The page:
Miles City Bucking Horse Sale
The Miles City Bucking Horse Sale is a major auction of rodeo stock held the third full (two-day) weekend every May in Miles City, Montana and the premier social event for the community. Accompanied by a parade, a horse racing meet, a rodeo and a number of social activities, it attracts rodeo stock contractors from the United States and Canada who are looking for saddle bronc, bareback bronc and bucking bull prospects.
The first official Miles City Bucking Horse Sale began in 1951, though an unofficial sale was held in 1950.
"It was because Les Beaux, of the Miles City Livestock Center, bought a bunch of yearling steers down at Ekalaka from a guy named Heavy Lester," said historian John Moore. "When Lester threw in 35 head of bucking horses in the deal, Beaux did not know what to do with the bucking horses. So the idea of having a sale kinda came about," said Moore. "They advertised to people, and the sale lasted something like 3 full days."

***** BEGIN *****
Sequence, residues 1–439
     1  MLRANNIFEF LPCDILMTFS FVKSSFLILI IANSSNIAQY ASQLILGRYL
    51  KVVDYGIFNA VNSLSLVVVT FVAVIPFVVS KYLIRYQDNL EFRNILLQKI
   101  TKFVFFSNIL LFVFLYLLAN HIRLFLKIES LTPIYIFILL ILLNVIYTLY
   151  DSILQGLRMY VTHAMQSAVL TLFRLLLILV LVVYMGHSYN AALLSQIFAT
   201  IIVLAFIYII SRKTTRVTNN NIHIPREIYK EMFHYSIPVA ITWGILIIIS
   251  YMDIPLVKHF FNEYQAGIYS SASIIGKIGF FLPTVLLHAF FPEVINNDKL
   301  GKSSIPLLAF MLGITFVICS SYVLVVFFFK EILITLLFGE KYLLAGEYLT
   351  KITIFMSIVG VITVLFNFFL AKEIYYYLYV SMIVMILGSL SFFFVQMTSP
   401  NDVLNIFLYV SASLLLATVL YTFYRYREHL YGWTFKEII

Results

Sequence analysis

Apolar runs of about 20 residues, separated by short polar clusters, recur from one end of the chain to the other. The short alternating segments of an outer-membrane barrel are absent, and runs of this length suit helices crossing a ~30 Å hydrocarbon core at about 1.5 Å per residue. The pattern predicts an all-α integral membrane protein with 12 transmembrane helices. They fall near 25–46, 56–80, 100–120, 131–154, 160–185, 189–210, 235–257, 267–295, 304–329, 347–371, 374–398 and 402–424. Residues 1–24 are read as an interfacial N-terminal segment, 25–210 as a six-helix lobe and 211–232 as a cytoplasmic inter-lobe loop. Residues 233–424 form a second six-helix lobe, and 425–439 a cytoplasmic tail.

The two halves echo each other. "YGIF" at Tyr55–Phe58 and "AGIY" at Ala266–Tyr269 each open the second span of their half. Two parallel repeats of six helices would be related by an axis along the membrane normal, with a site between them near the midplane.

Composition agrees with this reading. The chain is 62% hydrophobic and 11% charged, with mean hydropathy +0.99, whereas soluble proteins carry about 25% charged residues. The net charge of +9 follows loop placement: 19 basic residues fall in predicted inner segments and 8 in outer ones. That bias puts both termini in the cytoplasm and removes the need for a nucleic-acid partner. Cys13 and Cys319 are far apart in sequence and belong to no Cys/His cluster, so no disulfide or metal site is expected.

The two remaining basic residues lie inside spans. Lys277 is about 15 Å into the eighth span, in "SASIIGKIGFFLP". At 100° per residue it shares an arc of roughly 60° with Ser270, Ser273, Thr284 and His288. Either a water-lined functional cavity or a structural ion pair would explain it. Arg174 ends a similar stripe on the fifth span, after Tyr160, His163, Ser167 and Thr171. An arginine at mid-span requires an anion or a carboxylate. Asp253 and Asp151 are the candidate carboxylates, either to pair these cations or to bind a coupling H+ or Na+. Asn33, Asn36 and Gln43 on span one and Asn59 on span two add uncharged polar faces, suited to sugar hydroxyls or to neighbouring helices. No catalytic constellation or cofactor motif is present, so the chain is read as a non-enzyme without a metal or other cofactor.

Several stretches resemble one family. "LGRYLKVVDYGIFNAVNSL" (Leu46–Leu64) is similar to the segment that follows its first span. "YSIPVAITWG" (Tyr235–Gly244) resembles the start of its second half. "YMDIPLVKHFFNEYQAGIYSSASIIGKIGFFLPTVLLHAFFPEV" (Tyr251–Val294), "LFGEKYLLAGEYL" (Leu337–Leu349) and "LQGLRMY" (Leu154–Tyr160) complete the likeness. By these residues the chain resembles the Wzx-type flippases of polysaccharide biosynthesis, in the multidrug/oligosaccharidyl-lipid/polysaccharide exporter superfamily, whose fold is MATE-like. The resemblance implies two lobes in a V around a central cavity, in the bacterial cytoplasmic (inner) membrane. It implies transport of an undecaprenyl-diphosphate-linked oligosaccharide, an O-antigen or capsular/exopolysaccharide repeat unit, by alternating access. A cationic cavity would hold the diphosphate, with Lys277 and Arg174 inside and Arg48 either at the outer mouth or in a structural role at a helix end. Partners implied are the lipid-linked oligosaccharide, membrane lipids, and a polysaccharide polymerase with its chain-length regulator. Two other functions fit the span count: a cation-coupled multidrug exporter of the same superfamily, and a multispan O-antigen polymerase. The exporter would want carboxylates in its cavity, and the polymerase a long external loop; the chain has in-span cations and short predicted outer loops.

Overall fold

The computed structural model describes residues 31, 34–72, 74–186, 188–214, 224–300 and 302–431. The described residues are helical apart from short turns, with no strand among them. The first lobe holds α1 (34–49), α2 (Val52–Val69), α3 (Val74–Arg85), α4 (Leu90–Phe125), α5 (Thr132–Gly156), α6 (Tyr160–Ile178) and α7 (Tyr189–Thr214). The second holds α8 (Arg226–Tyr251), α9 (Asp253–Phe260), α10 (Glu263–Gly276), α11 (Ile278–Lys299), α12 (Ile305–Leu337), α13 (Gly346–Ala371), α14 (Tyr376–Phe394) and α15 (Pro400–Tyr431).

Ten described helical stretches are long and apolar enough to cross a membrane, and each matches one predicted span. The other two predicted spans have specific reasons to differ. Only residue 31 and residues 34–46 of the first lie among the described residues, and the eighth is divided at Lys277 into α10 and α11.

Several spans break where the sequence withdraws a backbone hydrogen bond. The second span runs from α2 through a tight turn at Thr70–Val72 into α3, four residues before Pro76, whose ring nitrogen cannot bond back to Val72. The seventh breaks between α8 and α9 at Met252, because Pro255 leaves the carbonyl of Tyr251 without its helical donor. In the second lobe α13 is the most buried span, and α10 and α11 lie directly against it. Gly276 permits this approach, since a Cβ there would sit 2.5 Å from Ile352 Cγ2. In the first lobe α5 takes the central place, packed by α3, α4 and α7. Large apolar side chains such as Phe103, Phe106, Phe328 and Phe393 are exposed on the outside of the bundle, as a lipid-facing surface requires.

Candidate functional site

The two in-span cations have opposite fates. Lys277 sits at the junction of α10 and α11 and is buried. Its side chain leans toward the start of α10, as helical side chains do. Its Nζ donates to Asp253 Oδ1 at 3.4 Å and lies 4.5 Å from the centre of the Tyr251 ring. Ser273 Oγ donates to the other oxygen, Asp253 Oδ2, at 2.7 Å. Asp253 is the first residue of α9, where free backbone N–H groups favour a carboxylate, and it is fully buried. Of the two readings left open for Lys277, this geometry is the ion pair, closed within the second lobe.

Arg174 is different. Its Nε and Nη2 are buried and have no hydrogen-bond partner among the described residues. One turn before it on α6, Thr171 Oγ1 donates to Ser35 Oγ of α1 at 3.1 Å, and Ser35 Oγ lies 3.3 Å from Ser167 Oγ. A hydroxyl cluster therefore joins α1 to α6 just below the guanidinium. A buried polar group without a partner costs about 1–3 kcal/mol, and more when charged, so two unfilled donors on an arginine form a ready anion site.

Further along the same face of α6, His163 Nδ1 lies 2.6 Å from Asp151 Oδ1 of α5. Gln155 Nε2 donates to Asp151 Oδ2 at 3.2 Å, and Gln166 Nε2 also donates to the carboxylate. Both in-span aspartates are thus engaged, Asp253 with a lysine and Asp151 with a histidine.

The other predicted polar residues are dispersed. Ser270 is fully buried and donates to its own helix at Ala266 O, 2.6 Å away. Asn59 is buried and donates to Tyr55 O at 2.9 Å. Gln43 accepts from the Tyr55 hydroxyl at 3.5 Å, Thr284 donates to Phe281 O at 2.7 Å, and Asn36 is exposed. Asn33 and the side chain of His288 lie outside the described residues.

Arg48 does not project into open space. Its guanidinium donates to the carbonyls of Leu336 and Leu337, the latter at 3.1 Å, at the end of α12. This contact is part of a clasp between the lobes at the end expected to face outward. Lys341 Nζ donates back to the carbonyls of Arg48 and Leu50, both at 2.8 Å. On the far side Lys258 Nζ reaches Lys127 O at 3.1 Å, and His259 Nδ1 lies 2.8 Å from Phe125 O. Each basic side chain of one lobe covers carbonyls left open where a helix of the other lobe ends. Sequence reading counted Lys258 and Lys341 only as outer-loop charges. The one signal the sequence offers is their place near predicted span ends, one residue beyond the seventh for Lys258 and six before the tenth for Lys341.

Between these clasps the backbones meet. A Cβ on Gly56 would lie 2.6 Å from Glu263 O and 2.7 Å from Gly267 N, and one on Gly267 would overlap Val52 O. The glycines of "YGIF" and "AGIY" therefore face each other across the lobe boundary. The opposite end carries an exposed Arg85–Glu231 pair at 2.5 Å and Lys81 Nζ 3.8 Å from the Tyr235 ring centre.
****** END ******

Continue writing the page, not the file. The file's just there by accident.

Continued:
Horses consigned to the sale are not "wild" horses or Mustangs which, under the Wild and Free-Roaming Horses and Burros Act of 1971, cannot be sold. Rather, consignments are horses selectively bred as bucking stock, excess or unsalable young horses from large ranches, and spoiled riding horses that have become particularly adept at bucking off riders. Likewise, most consigned bulls are bred specifically as bucking stock.
The Miles City Bucking Horse Sale was also the theme of a novelty country western song by Montana writer Greg Keeler, on the album Songs of Fishing, Sheep and Guns in Montana. The sale is held annually, regardless of weather.
- "The Miles City Buckin' Horse Sale". Troutball. July 3, 2011. Retrieved July 3, 2011.
- "Rain wipes out Miles City racing". Billings Gazette. May 20, 2011. Retrieved June 26, 2011.
- "Bareback riders showcase the best bucking broncos". CBS Sunday Morning. Retrieved July 3, 2011.